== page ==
by Mike Margolies | Jul 11, 2014 | mental training, Mike Margolies, Motivation, sport psychology
How to prepare your mind for competition and success
When it comes to getting ready for competition, your mental preparation means more than you might realize. I often call this the “game within the game.” If you have been a competitive athlete at all in your life, you can probably recall a time when your mental state caused you to perform better or worse. What you might not realize, however, is that you can achieve peak performance more consistently through mental preparation.
As a sport psychology consultant and mental trainer, I often ask athletes to consider the best and the worst games they ever played. After they’ve done this, I ask them what they think the differences were between the two. Was the other team flat-out better, more fit, or coached by a genius? Almost always, the answer is none of those things. So to win the mental game, training makes a difference.
Instead, people often look internally. Talking about their worst performances, they point to anxiety, fear, or a lack of focus. The words differ, but the meaning is essentially the same: It was a “mental thing.” My next question is this: How much time do you spend practicing the mental game? Whether we’re talking about sports or business or personal affairs, if your answer to this question is “no time at all,” then it’s time to rethink your approach.
The game within the game is the mental contest we play as we prepare for competition, whatever form it may take. It’s about what we tell ourselves before, during and after competition. It involves managing stress, setting goals, and visualizing success. How we play this mental game determines how we perform when it counts.
These are the five tenets:
3. Carefree approach
Although each of these carries its own importance, they are also interrelated. Improving one area can lead to improvement in the other areas. Here’s a closer look at each.
Calmness: If you aren’t relaxed while playing or performing or working, you’ll more easily lose the feel for what you’re doing. Although learning to relax may seem simple, it’s actually a skill that must be practiced. Before you go to work tomorrow, try sitting on your couch for three minutes. Breathe slowly and just relax. The next time your stress level picks up on the job or during competition, take a deep breath and talk yourself down from the ledge. Refuse to get stressed out. It does no good.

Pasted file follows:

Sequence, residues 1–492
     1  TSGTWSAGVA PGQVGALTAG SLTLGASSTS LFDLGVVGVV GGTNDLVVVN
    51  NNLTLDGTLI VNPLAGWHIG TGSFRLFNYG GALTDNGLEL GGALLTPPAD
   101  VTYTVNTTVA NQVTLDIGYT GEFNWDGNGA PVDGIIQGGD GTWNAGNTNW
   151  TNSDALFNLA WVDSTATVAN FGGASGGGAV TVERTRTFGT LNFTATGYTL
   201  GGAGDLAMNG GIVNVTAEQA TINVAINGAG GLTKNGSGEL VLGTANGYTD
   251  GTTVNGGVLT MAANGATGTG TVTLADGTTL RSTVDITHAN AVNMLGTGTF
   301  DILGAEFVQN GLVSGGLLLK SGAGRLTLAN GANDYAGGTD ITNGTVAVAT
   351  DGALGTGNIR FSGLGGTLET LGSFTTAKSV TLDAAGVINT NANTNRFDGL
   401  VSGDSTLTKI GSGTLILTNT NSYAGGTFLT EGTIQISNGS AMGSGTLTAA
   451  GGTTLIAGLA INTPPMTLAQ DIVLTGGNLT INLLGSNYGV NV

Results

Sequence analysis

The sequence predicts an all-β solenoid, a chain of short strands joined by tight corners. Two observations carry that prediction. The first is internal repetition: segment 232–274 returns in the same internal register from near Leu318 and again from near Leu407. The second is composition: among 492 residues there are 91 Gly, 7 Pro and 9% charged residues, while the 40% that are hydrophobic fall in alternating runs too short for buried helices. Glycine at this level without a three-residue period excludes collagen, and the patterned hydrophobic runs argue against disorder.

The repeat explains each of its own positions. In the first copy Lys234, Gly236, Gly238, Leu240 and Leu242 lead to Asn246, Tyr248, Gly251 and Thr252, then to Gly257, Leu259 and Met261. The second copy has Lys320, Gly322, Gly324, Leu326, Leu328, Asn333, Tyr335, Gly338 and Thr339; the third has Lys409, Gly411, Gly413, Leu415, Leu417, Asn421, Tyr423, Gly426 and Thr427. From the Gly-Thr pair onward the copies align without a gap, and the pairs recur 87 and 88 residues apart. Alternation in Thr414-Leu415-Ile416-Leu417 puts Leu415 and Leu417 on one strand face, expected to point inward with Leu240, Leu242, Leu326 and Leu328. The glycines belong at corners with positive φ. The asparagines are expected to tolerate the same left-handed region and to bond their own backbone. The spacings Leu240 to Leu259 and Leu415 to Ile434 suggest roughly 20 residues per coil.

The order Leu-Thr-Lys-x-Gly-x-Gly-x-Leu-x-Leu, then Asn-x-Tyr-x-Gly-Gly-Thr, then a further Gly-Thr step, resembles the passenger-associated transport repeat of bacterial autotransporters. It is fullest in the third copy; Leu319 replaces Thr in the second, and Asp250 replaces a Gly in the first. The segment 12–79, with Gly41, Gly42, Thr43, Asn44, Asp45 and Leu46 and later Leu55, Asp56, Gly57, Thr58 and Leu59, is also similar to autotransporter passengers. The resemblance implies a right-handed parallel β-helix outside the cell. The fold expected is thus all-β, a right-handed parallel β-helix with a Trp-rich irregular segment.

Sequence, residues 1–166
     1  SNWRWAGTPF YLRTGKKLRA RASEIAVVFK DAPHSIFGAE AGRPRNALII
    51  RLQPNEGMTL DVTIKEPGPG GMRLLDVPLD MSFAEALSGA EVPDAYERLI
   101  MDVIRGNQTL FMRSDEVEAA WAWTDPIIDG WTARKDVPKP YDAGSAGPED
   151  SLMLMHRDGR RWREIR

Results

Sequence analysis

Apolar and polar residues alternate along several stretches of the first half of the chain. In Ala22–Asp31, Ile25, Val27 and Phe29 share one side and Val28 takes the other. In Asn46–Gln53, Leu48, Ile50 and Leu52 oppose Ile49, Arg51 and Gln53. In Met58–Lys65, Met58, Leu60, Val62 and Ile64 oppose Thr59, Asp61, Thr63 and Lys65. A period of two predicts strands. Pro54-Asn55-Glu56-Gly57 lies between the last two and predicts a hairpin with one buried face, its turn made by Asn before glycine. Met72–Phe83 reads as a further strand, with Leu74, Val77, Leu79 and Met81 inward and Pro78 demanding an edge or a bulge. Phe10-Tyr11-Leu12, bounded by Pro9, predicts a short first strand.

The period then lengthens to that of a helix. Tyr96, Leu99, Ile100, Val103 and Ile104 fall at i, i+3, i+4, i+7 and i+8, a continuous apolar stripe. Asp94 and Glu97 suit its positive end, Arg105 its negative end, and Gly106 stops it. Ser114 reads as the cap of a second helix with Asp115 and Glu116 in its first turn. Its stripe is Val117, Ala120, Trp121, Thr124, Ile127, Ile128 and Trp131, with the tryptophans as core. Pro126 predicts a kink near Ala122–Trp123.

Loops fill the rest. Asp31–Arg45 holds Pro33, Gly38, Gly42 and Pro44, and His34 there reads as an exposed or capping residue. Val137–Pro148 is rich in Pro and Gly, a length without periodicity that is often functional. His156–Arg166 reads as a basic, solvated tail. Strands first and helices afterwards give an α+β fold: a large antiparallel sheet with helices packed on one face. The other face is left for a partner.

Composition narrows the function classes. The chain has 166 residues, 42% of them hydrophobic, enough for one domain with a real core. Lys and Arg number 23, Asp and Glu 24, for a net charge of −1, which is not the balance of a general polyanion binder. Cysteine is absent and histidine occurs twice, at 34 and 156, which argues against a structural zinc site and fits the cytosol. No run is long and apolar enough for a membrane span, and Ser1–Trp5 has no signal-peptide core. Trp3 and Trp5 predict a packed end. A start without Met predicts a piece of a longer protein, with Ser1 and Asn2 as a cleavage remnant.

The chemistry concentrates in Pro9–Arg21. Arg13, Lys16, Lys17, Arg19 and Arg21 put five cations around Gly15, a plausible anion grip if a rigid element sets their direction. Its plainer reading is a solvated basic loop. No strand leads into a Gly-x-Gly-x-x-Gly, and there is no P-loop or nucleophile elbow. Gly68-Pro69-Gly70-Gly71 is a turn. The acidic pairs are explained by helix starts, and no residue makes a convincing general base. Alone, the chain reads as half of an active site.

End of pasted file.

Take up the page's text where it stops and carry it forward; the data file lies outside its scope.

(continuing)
Confidence: If you don’t feel confident that you can handle a competitive situation, you’re setting yourself up to fail. When you don’t believe in yourself, how is anyone else supposed to believe in you? Whatever it is you’re trying to do, tell yourself you can and believe it when you say it. Picture the success you are about to achieve.
Carefree approach: This is all about staying loose and knowing that no matter what happens, you’ll come out better for it. When the pressure mounts, refuse to let yourself get tight. It’s also important to make sure you don’t let worries from other parts of your life affect the task at hand. Stay mentally relaxed regardless of what you face. This goes hand in hand with staying calm.
Motivation: If you don’t have motivation, you don’t have much. Think about the things success will bring you. If you win the game, what will that mean? If you nail that presentation, what effect might it have on your career? Find your motivation and think about it often.
Focus: People often remind athletes of the importance of concentration. But what does that mean? Quite simply, it means focusing on the task at hand, avoiding distractions, and remaining fixated on what must be done. When players are off their game, it’s often because they’re thinking about something else. You can’t just go through the motions. By staying in the moment and avoiding mental interference, you can keep your mind where it needs to be.
STRENGTH FROM WITHIN